Why is My WiFi So Slow: Tracking Down the Culprits
Pages that take forever to load can test your patience. Sluggish WiFi speeds can become even more frustrating when you’re trying to do time-sensitive work. It may be tempting to call your internet service provider and vent to a representative about the issue. But, before you do that, here are some of the most common reasons why your WiFi is so slow, and how you can fix them.
You’re Using the Wrong Spectrum Band
Wireless networks use two main frequency bands: 2.4 GHz (gigahertz) and 5 GHz. These frequency bands affect how far and how fast data can travel over WiFi. The 2.4 GHz band gives you slower speeds at a longer range, while the 5 GHz band gives you faster speeds at a shorter range.
So, if you want the fastest WiFi speeds, you should always use the 5 GHz band. However, the more devices you have on one band, the slower your WiFi will be. So, you should reserve the 5 GHz band for your most important devices, such as your laptop.
You can only use both frequency bands if you have a dual-band router. This type of router will let you have two different WiFi networks – one for each band. You can set up these different networks to each have their own name and password.
To find out if your router supports both WiFi bands, you have to log in to your router’s settings page. Then make sure both your bands are turned on. From here, you can also find the name and password for your 2.4 GHz and 5 GHz networks.
Each WiFi frequency band is broken up into several “channels,” which are used to send and receive wireless data. The 2.4 GHz band has three non-overlapping channels to choose from, while the 5 GHz band has up to 24 non-overlapping channels.
You can think of channels like lanes on a highway, and each WiFi-connected device in your area is like a car in those lanes. If you and your neighbors are all using the same WiFi channel for all your devices, it can cause a traffic jam. So, to speed up your WiFi, you should use the least congested channel.
If you are using the 2.4 GHz band, you have 11 channels to choose from. However, you should only choose channels 1, 6, or 11 because they are the only channels that don’t overlap with each other. And, since most routers use channel 6 by default, you might want to use channels 1 or 11.
If you are using the 5 GHz band, there are lots of different channels to choose from. However, the most popular channels are usually 36, 40, 44, and 48. If you want to find the best channel to use, you can use a wireless analyzer app like NetSpot, which is free for Windows and Mac users.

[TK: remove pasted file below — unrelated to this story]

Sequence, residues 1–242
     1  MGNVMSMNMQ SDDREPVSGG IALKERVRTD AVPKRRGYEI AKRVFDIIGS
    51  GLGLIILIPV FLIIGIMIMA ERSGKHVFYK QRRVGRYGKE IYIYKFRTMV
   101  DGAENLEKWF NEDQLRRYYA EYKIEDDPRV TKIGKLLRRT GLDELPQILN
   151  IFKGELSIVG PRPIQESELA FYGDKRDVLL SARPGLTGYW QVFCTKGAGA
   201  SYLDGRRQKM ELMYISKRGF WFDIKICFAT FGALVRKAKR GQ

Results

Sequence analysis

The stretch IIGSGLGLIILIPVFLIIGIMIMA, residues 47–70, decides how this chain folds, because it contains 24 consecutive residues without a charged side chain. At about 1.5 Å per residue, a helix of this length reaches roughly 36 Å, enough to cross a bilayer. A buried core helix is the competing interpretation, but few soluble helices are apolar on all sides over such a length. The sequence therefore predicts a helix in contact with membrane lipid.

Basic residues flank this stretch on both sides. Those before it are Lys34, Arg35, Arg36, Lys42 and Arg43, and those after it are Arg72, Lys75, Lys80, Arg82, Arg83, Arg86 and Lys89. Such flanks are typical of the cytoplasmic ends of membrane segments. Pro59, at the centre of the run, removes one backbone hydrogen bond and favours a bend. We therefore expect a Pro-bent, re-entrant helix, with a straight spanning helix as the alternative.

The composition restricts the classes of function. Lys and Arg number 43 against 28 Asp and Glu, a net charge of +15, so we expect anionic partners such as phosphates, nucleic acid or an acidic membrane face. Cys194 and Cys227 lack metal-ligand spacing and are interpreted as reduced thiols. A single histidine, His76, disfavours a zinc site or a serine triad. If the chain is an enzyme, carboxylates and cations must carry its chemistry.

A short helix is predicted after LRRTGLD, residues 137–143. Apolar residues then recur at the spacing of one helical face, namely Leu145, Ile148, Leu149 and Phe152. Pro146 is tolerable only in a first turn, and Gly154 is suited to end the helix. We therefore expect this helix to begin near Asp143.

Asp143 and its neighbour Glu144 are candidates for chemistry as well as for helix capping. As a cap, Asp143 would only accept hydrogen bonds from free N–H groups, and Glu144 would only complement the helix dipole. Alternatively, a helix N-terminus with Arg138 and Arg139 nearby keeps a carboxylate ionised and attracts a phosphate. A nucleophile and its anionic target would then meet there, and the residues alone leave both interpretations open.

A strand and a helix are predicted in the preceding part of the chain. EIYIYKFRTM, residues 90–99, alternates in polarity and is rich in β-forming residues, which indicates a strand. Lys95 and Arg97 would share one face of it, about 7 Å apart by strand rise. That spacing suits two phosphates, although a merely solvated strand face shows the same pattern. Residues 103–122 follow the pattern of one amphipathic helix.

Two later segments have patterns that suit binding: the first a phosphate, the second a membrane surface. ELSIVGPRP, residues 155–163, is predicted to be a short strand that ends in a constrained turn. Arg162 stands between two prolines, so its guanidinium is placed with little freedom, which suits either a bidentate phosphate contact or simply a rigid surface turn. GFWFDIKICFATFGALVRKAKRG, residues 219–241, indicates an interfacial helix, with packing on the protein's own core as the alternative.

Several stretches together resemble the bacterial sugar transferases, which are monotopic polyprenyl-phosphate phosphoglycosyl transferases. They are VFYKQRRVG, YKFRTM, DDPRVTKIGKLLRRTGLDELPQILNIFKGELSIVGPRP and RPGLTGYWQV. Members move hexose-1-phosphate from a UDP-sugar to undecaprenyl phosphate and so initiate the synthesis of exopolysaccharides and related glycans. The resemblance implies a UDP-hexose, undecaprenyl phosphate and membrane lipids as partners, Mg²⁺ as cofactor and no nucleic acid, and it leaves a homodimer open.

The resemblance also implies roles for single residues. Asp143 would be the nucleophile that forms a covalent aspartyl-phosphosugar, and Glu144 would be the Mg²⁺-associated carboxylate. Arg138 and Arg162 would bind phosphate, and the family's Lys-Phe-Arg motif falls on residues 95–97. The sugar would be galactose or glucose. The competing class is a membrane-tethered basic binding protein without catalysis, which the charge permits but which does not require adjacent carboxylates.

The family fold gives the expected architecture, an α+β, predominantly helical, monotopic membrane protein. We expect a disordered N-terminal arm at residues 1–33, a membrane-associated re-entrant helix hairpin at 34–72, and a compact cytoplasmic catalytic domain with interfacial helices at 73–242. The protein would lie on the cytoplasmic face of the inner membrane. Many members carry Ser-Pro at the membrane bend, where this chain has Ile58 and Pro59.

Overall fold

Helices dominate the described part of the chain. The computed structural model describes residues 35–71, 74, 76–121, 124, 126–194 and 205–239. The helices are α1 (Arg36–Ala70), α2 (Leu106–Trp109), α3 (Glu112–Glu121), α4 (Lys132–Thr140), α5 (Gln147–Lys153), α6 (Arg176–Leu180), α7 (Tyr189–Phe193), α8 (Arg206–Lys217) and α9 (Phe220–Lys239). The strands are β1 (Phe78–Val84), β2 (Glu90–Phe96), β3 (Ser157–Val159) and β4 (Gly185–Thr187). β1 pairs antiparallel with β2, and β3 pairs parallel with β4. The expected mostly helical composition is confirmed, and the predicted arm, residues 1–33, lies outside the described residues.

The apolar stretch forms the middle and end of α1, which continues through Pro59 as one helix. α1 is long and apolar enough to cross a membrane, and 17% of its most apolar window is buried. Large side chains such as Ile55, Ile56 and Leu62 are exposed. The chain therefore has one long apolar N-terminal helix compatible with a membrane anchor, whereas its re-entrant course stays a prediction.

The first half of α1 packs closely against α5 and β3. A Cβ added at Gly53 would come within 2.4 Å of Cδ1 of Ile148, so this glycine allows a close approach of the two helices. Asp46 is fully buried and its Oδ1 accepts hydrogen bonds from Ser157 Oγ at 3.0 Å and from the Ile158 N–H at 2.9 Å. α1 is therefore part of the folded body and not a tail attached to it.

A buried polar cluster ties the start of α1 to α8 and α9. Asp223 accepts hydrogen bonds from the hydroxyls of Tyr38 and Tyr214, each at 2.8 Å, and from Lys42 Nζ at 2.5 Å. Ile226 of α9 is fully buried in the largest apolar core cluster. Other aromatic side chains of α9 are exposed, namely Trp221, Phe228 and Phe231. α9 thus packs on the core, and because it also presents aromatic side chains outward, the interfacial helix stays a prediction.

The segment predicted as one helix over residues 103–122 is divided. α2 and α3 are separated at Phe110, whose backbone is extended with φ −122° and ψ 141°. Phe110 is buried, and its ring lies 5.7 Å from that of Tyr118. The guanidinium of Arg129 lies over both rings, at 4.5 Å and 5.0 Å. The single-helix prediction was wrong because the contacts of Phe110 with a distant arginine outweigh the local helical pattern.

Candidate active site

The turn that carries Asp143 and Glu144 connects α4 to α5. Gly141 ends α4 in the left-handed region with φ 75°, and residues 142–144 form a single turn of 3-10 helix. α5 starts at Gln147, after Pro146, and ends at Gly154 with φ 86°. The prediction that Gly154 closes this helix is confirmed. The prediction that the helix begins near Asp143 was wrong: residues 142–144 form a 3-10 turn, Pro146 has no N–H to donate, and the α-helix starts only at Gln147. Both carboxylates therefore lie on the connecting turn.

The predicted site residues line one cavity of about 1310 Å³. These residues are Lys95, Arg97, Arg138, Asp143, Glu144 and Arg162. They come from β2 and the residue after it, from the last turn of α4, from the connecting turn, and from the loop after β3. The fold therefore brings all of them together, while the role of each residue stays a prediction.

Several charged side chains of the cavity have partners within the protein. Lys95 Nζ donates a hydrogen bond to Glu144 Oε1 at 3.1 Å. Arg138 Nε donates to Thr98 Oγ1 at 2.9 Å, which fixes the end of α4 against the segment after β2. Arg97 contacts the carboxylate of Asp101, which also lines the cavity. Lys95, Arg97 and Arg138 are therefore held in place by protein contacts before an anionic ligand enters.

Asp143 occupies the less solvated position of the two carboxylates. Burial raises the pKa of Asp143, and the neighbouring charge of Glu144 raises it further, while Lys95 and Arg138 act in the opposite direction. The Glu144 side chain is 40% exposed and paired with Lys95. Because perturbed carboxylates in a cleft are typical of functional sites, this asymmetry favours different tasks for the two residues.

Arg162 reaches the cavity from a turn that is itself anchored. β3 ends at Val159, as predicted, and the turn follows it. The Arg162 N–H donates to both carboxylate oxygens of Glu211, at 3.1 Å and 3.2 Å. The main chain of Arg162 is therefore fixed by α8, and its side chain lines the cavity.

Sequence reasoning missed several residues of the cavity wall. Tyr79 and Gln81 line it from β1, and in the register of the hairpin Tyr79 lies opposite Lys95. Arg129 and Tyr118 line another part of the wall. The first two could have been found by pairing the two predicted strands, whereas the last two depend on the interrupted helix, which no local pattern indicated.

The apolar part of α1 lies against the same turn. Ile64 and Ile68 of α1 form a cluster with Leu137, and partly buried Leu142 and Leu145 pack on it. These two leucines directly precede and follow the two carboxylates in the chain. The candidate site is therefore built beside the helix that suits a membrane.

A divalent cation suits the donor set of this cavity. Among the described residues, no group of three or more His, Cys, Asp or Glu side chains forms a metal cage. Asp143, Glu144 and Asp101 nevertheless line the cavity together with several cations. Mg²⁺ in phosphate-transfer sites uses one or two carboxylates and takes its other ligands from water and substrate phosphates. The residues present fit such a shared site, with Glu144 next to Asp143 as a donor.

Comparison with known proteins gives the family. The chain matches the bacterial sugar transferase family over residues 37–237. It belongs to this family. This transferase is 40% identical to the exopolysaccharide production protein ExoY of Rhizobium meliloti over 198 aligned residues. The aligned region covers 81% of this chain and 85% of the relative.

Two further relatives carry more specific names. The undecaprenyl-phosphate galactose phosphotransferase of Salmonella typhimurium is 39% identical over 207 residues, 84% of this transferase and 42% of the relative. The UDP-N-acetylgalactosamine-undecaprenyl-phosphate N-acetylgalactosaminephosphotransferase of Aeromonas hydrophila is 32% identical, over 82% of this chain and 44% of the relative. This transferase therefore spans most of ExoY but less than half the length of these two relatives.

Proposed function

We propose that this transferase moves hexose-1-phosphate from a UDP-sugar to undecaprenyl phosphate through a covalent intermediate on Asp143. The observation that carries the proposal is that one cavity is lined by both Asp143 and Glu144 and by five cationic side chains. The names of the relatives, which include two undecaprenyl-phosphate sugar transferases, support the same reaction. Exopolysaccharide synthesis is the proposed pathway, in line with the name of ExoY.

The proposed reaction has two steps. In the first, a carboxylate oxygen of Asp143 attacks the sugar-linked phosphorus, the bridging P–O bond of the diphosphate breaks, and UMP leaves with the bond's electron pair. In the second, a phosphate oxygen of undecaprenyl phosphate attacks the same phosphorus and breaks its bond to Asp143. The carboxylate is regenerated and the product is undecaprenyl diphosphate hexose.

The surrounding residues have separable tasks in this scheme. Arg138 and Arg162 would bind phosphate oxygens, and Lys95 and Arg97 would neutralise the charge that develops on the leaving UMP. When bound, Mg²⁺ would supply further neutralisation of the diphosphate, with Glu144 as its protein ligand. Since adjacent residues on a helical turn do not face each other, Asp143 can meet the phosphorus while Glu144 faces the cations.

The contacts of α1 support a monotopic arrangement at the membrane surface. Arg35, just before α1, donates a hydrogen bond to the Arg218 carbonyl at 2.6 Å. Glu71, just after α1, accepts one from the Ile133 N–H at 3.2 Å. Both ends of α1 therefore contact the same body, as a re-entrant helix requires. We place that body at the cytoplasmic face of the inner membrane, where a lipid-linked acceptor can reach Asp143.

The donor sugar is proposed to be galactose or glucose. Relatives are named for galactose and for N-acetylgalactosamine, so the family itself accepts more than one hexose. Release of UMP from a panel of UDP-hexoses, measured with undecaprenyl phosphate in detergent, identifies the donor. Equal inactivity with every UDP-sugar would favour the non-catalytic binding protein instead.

You can change your WiFi channel by accessing your router’s settings page. Then go to the frequency band and change the channel from auto to another channel. This might be different, depending on your router.
Bandwidth refers to the maximum amount of data that can be sent over a network at any given time. That means every time someone on your network makes a video call, streams a movie, or downloads a large file, it could slow your WiFi down.
To find out which activities are taking up lots of bandwidth on your Windows computer, open the Task Manager. You can do this by right-clicking on your Taskbar at the bottom of your screen. Then select Task Manager from the pop-up list.
Once the Task Manager opens, you can sort your activities by how much bandwidth they are using by clicking on the header of the Network column. If you find any activities that are taking up too much bandwidth, you can select them and click End Task.
If you are using a Mac, you can use the Activity Monitor to find bandwidth-heavy activities. You can do this by going to the Applications folder and opening the Utilities folder. Then open the Activity Monitor and select the Network tab at the top of the window.
You can either sort by bytes (data) or packets sent or received to find the most bandwidth-heavy applications. Then you can stop any processes by clicking the “X” at the top of the window.
Your Router is Out of Date